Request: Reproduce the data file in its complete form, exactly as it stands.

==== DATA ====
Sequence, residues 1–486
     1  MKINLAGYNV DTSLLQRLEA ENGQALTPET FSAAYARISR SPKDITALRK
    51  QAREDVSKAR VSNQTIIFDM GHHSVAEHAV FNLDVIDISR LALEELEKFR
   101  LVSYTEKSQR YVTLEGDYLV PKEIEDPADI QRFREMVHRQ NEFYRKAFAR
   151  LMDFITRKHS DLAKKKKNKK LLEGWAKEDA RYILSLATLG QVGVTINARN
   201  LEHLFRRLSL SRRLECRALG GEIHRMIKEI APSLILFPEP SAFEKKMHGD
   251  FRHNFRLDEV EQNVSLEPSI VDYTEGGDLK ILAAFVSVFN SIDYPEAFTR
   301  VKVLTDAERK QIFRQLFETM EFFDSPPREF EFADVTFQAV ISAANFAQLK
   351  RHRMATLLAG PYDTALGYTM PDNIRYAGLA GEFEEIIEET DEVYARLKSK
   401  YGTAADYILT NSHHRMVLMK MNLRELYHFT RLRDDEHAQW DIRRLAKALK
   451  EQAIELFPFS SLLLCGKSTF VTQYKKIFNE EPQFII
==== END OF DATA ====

Sequence, residues 1–486
     1  MKINLAGYNV DTSLLQRLEA ENGQALTPET FSAAYARISR SPKDITALRK
    51  QAREDVSKAR VSNQTIIFDM GHHSVAEHAV FNLDVIDISR LALEELEKFR
   101  LVSYTEKSQR YVTLEGDYLV PKEIEDPADI QRFREMVHRQ NEFYRKAFAR
   151  LMDFITRKHS DLAKKKKNKK LLEGWAKEDA RYILSLATLG QVGVTINARN
   201  LEHLFRRLSL SRRLECRALG GEIHRMIKEI APSLILFPEP SAFEKKMHGD
   251  FRHNFRLDEV EQNVSLEPSI VDYTEGGDLK ILAAFVSVFN SIDYPEAFTR
   301  VKVLTDAERK QIFRQLFETM EFFDSPPREF EFADVTFQAV ISAANFAQLK
   351  RHRMATLLAG PYDTALGYTM PDNIRYAGLA GEFEEIIEET DEVYARLKSK
   401  YGTAADYILT NSHHRMVLMK MNLRELYHFT RLRDDEHAQW DIRRLAKALK
   451  EQAIELFPFS SLLLCGKSTF VTQYKKIFNE EPQFII